Back at the 2009 Worldcon in Montreal, I was scheduled to be on a Steampunk panel with Gail Carriger, who was unfortunately unable to attend the convention. It was still a blast, as I met Ann VanderMeer and Christopher J. Garcia (who is quite possibly insane, but in a very good way). Recently, I read Gail Carriger's Parasol Protectorate novels, starting with Soulless. The novels are a mix of Victorian paranormal mystery fashion and romance. There are bustles and décolletage, vampires and werewolves, zeppelins and robotic octopi.

The general setting is Victorian England, in a time where paranormals, such as vampires and werewolves, play an important role in society, even serving as advisors to the Crown. It's an interesting premise, but really starts to wear thin before the end of the series.

The series follows Alexia Tarabotti, a preternatural whose soulless nature renders supernatural creatures temporarily mortal, merely through touch. She of course has close friendships with both sets of immortals, the rogue vampire Akeldama, as well as the werewolf Lord Maccon. Alexia herself is, perhaps due to her lack of a soul, overly fashion conscious. A lack of natural creativity leads her to a series of social rules. It's hard to explain, but works out well in the novels. Just think about how often George RR Martin goes into excessive detail about battles, lineages, or day-long feasts, and apply that to Victorian fashion accessories, pastries, and fancy hats.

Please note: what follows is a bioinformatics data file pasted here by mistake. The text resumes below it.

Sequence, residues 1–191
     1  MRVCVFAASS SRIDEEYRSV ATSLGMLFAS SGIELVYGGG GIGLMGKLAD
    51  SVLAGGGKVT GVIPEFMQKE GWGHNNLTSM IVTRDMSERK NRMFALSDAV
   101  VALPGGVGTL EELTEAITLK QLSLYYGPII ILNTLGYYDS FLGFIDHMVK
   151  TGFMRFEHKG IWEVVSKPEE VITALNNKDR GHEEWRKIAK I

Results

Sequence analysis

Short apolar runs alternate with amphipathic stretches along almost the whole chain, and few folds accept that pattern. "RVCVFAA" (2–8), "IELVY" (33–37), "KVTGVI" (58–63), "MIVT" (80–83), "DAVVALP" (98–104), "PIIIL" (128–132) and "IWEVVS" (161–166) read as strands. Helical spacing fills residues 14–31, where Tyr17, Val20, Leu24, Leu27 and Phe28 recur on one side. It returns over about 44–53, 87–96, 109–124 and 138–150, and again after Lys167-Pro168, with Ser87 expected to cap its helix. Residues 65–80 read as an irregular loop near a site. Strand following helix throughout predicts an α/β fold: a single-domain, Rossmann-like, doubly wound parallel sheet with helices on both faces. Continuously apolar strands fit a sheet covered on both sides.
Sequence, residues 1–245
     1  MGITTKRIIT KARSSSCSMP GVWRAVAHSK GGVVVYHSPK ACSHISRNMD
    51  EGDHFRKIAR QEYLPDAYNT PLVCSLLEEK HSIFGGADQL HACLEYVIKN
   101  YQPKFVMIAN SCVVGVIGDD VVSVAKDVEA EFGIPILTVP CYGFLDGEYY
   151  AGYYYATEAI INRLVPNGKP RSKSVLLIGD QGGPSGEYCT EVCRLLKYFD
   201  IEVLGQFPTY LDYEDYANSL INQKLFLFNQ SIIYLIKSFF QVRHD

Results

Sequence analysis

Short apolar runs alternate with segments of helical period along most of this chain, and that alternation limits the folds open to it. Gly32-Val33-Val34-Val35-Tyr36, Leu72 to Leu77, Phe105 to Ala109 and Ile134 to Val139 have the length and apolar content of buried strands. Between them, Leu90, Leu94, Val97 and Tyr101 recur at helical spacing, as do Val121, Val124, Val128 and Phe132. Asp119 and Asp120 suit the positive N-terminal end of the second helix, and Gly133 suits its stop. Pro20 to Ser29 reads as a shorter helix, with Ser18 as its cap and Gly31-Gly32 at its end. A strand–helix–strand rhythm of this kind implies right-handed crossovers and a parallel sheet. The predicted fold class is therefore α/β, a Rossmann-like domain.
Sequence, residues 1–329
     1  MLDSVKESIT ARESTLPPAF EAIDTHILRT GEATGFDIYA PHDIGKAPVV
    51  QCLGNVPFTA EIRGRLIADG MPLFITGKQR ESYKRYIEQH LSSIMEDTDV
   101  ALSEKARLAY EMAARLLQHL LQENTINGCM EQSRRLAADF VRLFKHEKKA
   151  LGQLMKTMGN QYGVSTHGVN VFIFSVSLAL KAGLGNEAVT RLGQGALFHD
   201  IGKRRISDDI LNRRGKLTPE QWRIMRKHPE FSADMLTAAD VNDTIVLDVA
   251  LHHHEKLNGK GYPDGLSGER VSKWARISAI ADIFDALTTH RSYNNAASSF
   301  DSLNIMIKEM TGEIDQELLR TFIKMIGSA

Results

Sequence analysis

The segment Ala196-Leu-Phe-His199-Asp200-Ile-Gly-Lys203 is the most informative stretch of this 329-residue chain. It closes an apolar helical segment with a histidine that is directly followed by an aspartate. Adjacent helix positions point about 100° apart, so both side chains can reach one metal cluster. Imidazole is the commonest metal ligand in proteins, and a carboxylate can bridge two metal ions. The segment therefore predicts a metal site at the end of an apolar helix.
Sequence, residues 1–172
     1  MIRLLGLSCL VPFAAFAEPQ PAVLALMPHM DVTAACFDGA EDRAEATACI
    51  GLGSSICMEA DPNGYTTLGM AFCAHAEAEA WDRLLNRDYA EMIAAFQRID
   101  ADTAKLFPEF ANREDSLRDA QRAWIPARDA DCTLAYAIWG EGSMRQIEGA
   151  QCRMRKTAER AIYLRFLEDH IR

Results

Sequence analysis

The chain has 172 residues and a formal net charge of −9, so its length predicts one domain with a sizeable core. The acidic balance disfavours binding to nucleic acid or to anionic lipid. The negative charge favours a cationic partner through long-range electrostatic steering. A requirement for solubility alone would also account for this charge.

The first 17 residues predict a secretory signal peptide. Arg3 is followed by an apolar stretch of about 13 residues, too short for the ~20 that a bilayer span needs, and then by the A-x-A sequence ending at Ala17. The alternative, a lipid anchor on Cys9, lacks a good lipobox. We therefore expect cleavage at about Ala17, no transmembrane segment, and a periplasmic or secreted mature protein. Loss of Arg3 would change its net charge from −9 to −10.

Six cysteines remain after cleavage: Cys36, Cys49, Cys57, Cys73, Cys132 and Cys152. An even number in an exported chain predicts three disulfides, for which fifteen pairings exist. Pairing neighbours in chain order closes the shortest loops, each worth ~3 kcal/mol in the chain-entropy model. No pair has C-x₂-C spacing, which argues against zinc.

As the series progresses, Carriger builds upon the back story, gently teasing out some longer term plot elements. While the last novel finally manages to bring things to a close, on an upbeat note, some of the middle novels really start to drag on. In particular, Heartless lived up to its name, being considerably less enjoyable than the other novels.

Thankfully, Timeless was worth trudging through the earlier novels. Once again the wit was clever, and the plot twists interesting, once again on par with the amusements of Soulless.